A proposed constitutional amendment that would cap the size of the state’s budget has passed a Missouri House committee.
The measure would prevent lawmakers from increasing state spending more than the rate of inflation. They would also have to take population growth into account when writing the state budget. It’s sponsored by State Representative Eric Burlison (R, Springfield).
“This money, we shouldn’t forget that (at) the end of the day it’s coming from taxpayers," Burlison said. "It’s coming from people that could be spending that money on their own home budgets, and so they expect nothing less from us than to be very responsible with the money.”
The resolution passed the House Budget Committee 20 to 9 on a mostly partisan vote -- all nine "no" votes came from Democrats.
Supporters also say the cap would help control state spending and smooth a "boom and bust" budgeting cycle that sometimes forces deep cuts in state programs. Critics worry it could lead to underfunding for schools and other government programs. Committee member Jamilah Nasheed (D, St. Louis) says raising the state’s cigarette tax and collecting taxes on Internet sales would be better than capping how much money the General Assembly can spend each year.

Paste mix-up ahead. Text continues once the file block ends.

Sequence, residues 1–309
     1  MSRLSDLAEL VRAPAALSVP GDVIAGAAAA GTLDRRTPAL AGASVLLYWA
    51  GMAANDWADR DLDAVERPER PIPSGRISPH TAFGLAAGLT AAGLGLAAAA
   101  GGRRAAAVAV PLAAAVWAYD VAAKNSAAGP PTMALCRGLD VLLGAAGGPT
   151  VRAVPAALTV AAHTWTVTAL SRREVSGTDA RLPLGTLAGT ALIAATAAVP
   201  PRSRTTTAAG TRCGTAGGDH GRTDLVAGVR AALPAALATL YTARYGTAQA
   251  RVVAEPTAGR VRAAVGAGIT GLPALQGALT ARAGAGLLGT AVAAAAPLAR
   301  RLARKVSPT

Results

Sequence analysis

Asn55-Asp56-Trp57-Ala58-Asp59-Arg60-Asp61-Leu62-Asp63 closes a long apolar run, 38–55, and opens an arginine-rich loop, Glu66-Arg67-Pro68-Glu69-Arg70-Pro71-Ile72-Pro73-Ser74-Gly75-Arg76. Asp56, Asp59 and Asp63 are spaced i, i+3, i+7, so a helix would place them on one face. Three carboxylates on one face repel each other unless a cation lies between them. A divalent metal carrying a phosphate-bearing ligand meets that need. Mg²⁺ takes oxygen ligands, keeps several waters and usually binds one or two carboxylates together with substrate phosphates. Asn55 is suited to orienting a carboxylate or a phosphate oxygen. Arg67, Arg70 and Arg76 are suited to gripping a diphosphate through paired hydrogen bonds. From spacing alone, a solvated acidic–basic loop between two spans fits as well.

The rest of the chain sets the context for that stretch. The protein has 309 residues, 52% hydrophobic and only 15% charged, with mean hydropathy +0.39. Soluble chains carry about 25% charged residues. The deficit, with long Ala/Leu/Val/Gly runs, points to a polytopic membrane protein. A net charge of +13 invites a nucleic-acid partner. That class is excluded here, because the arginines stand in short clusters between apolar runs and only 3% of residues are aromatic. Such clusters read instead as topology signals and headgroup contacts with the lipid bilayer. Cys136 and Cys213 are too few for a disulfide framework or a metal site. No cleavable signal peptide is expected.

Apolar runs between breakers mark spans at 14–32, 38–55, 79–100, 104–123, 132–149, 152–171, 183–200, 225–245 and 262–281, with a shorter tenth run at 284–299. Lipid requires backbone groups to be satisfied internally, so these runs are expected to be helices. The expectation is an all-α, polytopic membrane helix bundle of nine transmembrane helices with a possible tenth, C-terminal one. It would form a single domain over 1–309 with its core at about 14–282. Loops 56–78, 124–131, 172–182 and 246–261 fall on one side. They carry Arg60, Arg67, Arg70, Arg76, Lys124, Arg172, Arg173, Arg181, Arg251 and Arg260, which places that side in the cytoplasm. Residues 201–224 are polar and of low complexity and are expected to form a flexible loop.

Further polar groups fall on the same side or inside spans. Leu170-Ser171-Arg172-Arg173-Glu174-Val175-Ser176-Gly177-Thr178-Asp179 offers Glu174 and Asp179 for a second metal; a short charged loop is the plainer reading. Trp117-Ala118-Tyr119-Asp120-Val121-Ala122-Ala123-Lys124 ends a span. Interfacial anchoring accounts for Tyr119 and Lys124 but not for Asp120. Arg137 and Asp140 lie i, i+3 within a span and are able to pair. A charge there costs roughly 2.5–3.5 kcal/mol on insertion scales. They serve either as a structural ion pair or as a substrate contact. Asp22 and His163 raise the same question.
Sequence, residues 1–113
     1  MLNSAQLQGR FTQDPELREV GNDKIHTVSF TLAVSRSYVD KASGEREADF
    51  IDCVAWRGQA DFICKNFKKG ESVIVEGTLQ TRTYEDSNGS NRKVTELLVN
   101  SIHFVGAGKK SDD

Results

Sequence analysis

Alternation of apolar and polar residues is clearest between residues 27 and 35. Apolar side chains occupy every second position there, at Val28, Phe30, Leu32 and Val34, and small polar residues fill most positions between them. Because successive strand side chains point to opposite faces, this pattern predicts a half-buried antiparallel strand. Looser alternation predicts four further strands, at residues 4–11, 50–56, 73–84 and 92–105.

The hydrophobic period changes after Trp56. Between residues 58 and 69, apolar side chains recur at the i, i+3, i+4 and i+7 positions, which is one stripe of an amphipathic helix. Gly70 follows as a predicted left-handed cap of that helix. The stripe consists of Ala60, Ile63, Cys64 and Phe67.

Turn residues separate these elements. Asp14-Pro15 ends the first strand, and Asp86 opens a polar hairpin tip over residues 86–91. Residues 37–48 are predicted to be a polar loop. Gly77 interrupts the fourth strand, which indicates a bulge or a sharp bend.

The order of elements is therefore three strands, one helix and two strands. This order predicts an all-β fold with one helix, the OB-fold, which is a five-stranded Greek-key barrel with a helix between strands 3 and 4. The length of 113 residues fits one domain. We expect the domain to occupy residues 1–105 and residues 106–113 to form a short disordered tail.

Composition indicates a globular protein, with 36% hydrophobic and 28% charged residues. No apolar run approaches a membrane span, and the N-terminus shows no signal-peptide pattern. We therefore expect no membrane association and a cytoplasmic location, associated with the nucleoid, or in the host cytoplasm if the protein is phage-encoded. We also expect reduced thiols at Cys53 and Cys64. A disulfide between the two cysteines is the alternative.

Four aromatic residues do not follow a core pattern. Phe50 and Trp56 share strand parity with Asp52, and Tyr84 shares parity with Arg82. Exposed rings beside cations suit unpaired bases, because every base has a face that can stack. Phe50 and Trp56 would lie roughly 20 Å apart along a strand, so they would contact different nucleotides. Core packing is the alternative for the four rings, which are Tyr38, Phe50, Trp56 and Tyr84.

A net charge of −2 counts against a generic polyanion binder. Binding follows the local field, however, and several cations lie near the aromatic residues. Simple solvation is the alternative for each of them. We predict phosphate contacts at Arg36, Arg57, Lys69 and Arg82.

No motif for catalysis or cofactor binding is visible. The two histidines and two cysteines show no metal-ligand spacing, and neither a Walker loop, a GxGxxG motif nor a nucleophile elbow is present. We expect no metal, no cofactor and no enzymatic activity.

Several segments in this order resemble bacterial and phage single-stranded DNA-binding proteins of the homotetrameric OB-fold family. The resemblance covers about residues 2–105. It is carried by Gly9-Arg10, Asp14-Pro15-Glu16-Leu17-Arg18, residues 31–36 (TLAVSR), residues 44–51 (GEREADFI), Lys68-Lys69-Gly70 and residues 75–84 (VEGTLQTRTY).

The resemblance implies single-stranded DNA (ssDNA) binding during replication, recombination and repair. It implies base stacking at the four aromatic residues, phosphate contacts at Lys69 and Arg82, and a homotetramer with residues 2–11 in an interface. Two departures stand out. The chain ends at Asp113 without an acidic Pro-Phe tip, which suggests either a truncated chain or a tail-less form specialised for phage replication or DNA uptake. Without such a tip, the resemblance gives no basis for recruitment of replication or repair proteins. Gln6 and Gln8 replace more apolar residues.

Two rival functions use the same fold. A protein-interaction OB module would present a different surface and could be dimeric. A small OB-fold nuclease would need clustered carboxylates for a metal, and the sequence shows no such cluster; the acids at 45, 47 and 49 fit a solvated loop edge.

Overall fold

“Our people are struggling here in the state of Missouri," Nasheed said. "The senior citizen who’s trying to choose between her medicine and putting food on the table for herself, (and) the kid who was told to go to school and get a degree and to come home and not be able to find a job and still have a student loan hanging over their head.”
The resolution has another committee stop before moving to the House floor. If it passes both the House and Senate, it would then go before Missouri voters.